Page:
1215. On 19 June the rebel barons made their formal peace with King John and renewed their oaths of
allegiance to him.The King’s clerks set about drawing up copies of the agreement for distribution
throughout the kingdom. It is not certain how many copies of the 1215 Magna Carta were originally
issued, but four copies still survive: one in Lincoln Cathedral; one in Salisbury Cathedral; and two at the
British Library. Like other medieval royal charters, Magna Carta was authenticated with the Great Seal,
not by the signature of the king.

Was Magna Carta effective in the short term?

Although King John agreed the terms of Magna Carta and the barons renewed their oaths of allegiance,
the settlement did not last long. Aggrieved by the manner in which Magna Carta was to be enforced, John
sent messengers to the Pope (the overlord of the kingdoms of England and Ireland) in the summer of
1215, requesting that the charter be annulled. In turn, the barons refused to surrender the city of London
to the King until Magna Carta had been implemented. Pope Innocent III was alarmed by the charter’s
terms, and on 24 August 1215 he issued a document known as a papal bull, describing Magna Carta as
‘illegal, unjust, harmful to royal rights and shameful to the English people’, and declaring the charter ‘null
and void of all validity for ever’.

in September 1215, civil war broke out between King John and his barons. The King raised an army of
mercenaries to fight his cause, while the barons renounced their allegiance to him, and invited Prince
Louis (1187-1226), son of the King of France, to accept the English crown. Louis invaded England in
1216, and England was still at war when John died of dysentery on the night of 18 October 1216.Magna
Carta was effectively dead, but it gained new life in the early years of the reign of the next king, Henry
III. Henry was just nine years old when he succeeded to the throne, and in November 1216 a revised
version of Magna Carta was issued in his name, in order to regain the support of the barons. Another
version of Magna Carta was granted in the following year, after the French army had been expelled from
England. In 1225, on reaching the age of 18, Henry reissued a much revised version of Magna Carta
which was later enrolled on the statute book by King Edward I (r.1272-1307) in 1297.

What was the long-term impact of Magna Carta?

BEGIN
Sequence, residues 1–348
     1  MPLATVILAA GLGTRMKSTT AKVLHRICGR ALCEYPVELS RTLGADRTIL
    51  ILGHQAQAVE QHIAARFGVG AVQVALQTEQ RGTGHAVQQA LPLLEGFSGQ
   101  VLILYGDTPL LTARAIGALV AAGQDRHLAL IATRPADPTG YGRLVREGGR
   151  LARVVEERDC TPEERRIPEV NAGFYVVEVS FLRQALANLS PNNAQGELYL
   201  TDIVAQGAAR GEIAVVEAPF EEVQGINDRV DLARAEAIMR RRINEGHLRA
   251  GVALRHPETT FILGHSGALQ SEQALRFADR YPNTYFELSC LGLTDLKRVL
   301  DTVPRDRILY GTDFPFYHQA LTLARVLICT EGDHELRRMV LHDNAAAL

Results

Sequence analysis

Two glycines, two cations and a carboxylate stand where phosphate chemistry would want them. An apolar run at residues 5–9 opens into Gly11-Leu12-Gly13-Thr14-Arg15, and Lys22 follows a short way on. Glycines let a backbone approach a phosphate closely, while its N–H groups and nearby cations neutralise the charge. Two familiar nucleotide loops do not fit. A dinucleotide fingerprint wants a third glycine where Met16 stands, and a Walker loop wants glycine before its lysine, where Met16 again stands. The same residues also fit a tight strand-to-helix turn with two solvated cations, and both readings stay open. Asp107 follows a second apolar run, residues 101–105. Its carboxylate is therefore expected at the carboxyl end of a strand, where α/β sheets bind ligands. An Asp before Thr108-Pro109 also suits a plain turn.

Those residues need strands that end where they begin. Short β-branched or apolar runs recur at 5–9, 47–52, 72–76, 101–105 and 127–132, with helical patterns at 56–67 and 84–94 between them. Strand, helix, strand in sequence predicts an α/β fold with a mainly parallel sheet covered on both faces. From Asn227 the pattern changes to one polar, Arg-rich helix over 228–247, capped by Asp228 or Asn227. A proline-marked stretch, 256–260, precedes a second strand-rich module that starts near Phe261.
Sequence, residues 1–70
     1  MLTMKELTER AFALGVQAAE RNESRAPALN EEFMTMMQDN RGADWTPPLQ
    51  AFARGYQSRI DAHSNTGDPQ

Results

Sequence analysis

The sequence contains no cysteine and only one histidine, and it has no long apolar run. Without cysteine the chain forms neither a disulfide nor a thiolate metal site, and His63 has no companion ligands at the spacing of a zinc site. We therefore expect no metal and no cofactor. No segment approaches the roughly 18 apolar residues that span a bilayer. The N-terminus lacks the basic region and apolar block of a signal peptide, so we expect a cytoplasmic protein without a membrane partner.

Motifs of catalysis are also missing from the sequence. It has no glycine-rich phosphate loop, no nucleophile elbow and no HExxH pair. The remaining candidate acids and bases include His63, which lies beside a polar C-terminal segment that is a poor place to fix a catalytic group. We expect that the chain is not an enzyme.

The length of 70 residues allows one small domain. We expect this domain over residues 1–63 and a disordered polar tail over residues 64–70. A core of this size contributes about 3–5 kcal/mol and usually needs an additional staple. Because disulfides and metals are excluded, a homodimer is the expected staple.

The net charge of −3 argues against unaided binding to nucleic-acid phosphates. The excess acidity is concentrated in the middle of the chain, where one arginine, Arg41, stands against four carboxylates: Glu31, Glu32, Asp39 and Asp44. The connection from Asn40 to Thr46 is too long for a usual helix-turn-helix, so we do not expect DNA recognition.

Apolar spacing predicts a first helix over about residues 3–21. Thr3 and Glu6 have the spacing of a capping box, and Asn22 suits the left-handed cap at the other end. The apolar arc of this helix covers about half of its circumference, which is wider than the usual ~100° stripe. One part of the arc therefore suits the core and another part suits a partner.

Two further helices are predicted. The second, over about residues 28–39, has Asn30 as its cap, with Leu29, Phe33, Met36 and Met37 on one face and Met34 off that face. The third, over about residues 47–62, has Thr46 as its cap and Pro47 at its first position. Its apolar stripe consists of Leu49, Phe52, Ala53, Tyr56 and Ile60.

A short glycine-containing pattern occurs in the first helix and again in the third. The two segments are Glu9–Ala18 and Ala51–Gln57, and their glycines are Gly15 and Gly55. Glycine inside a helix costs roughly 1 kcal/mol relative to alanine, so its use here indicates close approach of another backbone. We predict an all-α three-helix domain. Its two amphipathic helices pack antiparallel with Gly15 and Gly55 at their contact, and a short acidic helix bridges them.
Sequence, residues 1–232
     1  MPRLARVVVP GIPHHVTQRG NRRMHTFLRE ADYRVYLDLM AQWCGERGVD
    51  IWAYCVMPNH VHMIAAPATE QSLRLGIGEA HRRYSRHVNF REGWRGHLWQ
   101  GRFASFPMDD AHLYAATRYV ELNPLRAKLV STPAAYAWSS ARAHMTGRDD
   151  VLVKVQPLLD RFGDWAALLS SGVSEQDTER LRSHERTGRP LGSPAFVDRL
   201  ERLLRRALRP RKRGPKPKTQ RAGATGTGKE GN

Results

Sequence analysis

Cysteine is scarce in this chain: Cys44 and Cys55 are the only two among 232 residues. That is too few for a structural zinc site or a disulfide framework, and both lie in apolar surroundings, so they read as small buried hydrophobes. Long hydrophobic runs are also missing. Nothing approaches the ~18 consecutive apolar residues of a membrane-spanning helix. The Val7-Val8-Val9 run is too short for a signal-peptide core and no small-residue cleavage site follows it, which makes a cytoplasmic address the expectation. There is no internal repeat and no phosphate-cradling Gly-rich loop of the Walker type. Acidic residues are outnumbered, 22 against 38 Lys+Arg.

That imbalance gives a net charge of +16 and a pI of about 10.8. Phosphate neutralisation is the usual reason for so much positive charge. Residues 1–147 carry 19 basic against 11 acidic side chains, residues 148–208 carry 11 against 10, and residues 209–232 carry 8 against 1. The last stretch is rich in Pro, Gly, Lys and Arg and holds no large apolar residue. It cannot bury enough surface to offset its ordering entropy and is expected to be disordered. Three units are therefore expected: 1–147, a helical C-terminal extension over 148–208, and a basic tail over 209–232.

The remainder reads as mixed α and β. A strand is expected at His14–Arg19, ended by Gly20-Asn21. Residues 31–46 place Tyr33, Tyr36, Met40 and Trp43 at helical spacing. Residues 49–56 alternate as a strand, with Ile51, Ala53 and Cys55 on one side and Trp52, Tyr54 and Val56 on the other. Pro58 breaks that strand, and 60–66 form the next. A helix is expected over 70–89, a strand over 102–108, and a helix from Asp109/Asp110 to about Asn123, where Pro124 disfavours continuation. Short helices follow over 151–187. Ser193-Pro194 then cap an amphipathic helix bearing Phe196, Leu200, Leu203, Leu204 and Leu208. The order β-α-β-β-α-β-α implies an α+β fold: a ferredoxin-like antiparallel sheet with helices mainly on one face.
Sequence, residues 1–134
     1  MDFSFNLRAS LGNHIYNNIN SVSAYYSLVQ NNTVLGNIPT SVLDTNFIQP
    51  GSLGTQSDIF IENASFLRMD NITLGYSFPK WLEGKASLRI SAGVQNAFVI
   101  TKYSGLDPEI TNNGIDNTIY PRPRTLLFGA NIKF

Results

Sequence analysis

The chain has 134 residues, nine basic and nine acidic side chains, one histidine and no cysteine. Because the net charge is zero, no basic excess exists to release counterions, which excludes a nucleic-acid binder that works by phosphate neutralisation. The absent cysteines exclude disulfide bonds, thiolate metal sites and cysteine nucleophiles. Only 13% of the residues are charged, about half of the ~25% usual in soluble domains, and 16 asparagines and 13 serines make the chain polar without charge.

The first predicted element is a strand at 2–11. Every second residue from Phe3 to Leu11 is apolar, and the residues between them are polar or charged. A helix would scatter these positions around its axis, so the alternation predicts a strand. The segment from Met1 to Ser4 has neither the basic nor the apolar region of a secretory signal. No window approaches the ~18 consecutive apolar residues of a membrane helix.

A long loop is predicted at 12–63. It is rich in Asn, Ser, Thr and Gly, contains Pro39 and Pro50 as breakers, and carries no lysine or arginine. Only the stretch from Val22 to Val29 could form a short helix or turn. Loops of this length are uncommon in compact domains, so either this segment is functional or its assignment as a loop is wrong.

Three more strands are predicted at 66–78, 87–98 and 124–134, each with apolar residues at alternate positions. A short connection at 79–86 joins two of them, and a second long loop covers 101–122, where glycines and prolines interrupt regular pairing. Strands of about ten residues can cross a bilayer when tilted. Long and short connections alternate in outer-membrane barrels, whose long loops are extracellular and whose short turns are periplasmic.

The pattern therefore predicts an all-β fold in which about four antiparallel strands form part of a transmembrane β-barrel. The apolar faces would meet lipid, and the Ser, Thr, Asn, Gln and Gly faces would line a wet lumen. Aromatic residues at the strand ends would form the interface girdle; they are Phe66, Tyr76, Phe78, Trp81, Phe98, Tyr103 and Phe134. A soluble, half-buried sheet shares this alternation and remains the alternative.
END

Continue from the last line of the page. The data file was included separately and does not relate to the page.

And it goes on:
Magna Carta is sometimes regarded as the foundation of democracy in England. In fact, most of its terms
applied only to a small proportion of the population in 1215, and the implementation of the charter in
subsequent centuries remained open to the interpretation of the courts.

Revised versions of Magna Carta were issued by King Henry III (in 1216, 1217 and 1225), and the text of
the 1225 version was entered onto the statute roll in 1297. Magna Carta had limited the circumstances
under which the King could raise money without the consent of the people. The 1225 version of Magna
Carta had been granted explicitly in return for a payment of tax by the whole kingdom, and this paved the
way for the first summons of Parliament in 1265, to approve the granting of taxation.

In the 17th century, opponents of King Charles I (1625-49) used Magna Carta to regulate the arbitrary use
of royal authority. Sir Edward Coke, declared that ‘Magna Carta is such a fellow, that he will have no
sovereign’, and in 1628 he helped to draft the Petition of Right, which limited royal power and made
explicit reference to Magna Carta. When King Charles was himself put on trial in 1649, it was argued that
his attempts to halt the proceedings contravened the clause of Magna Carta which prohibited the delay of
justice.

Magna Carta has consequently acquired a special status as the cornerstone of English liberties. This is
despite the fact that the vast majority of its clauses have now been repealed, or in some cases superseded
by other legislation such as the Human Rights Act (1998). Magna Carta nonetheless retains enormous
symbolic power as an ancient defence against arbitrary and tyrannical rulers, and as a guarantor of
individual liberties.